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5.4 Selecting and managing your team - Recruiting workers

Module by: Global Text Project. E-mail the authorEdited By: Dr. Donald J. McCubbrey

Summary:

Business Fundamentals was developed by the Global Text Project, which is working to create open-content electronic textbooks that are freely available on the website http://globaltext.terry.uga.edu. Distribution is also possible via paper, CD, DVD, and via this collaboration, through Connexions. The goal is to make textbooks available to the many who cannot afford them. For more information on getting involved with the Global Text Project or Connexions email us at drexel@uga.edu and dcwill@cnx.org.

Editor: Cynthia V Fukami (Daniels College of Business, University of Denver, USA)

Contributors: The students of MGMT 4340, Strategic Human Resource Management, Spring 2007

Note: You are viewing an old version of this document. The latest version is available here.

Lukhvinder Rai

Recruitment of talented employees is an essential part of any company’s ability to maintain success and ensure the achievement of standards within an organization. Recruiting workers consists of actively compiling a diverse pool of potential candidates which can be considered for employment. A good recruitment policy will do this in a timely, cost-efficient manner. The ultimate goal of any human resources recruitment policy is to develop relationships with potential employees before they may actually be needed while remaining cognizant of the costs of doing so. In different industries, the constant need for talent creates a highly competitive marketplace for individuals, and it is important for any manager to be aware of these factors as they develop recruitment programs and policies. As retirement among baby boomers becomes increasing prevalent, victory in the “war for talent” will depend greatly on recruitment policies.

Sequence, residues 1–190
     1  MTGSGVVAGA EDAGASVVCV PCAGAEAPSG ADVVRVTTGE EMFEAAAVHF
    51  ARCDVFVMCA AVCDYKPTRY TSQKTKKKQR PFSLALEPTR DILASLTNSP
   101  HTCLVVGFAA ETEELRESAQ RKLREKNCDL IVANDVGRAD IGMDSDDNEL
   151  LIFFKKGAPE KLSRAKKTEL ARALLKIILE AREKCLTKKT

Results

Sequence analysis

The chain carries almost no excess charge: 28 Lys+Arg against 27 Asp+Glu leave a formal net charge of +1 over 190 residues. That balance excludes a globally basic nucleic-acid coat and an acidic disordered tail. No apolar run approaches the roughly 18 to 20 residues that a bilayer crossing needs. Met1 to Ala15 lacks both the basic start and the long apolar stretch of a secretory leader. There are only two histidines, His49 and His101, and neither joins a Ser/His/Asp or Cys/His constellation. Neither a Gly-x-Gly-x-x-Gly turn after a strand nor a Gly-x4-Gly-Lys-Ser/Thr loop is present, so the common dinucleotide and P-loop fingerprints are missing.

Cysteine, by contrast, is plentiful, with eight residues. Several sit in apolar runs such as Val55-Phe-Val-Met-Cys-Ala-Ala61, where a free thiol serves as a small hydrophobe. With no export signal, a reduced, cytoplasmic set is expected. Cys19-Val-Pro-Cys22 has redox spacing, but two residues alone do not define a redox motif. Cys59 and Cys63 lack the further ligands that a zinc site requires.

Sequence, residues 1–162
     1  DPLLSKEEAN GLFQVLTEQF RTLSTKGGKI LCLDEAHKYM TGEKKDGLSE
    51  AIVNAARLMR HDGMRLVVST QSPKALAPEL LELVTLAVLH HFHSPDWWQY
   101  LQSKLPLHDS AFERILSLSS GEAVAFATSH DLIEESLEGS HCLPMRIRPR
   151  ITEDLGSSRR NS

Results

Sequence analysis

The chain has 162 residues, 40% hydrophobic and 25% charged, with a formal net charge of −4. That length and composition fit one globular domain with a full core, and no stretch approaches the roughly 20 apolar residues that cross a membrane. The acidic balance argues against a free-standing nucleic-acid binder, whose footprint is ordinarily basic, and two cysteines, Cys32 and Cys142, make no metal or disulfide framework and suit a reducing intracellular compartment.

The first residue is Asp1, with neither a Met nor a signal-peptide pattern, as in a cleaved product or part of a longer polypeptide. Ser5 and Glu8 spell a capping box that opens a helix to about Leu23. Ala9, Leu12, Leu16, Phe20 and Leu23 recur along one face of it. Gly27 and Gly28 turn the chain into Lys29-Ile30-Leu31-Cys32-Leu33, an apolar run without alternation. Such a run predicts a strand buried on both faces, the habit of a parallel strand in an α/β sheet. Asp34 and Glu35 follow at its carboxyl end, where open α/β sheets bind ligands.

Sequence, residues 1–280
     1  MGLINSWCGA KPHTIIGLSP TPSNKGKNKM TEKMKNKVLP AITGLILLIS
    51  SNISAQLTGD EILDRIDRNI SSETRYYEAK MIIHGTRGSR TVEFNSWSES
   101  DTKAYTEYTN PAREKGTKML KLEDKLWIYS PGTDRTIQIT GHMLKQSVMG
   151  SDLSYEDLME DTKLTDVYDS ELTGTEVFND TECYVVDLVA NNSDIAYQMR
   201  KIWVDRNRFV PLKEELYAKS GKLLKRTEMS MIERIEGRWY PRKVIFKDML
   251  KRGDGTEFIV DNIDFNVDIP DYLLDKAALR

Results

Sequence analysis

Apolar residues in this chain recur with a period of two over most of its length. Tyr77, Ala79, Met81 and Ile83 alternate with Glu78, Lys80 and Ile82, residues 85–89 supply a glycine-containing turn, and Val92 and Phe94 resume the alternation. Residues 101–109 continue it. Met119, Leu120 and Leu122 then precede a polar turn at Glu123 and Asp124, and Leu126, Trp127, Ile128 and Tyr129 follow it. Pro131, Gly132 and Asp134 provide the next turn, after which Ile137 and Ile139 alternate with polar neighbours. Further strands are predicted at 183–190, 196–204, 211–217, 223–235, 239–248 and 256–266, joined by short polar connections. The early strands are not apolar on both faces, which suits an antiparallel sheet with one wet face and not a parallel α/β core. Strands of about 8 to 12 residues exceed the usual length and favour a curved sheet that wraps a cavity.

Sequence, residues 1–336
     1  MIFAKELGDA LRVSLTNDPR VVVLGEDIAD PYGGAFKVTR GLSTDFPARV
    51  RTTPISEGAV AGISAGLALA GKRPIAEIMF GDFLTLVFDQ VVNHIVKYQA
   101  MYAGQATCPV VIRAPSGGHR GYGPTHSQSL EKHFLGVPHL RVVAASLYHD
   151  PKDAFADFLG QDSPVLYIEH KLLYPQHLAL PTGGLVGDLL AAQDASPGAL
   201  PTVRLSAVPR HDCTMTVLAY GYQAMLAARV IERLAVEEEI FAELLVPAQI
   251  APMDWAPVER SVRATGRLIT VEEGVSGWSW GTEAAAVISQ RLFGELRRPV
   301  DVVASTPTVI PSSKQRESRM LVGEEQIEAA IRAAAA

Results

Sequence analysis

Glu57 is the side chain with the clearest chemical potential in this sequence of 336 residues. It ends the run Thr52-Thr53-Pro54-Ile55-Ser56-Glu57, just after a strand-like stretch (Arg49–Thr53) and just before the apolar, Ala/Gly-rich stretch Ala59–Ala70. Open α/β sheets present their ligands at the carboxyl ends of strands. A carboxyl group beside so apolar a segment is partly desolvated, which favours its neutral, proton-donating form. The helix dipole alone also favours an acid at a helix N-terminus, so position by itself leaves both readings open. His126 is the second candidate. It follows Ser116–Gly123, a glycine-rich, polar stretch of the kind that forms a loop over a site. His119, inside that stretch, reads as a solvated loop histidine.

Methods of recruitment

There are two principal ways to recruit workers: internally and externally. Most companies will actively use both methods, ensuring opportunities for existing employees to move up in the organization while at the same time fielding new talent. Depending on the time frame and the specialization of the position to fill, some methods will be more effective than others. In either case, the establishment of a comprehensive job description for every position for which the company recruits will help to narrow the scope of the search, and offer more qualified candidates, aiding in search efficiency.

Internal recruitment is often the most cost effective method of recruiting potential employees, as it uses existing company resources and talent pool to fill needs and therefore may not incur any extra costs. This is done in two principal ways:

  • Advertising job openings internally: This is the act of using existing employees as a talent pool for open positions. It carries the advantage of reallocating individuals that are qualified and familiar with the company’s practices and culture while at the same time empowering employees within the organization. It also shows the company’s commitment to, and trust in, its current employees taking on new tasks.
  • Using networking: This method can be used in a variety of different ways. First, this recruitment technique simply posts the question to existing employees on whether anybody is aware of qualified candidates that they know personally which could fill a position. Known as employee referrals, this method often gives bonuses to the existing employee if the recommended applicant is hired. Another method uses industry contacts and membership in professional organizations to help create a talent pool, through simple word-of-mouth information regarding the needs of the organization.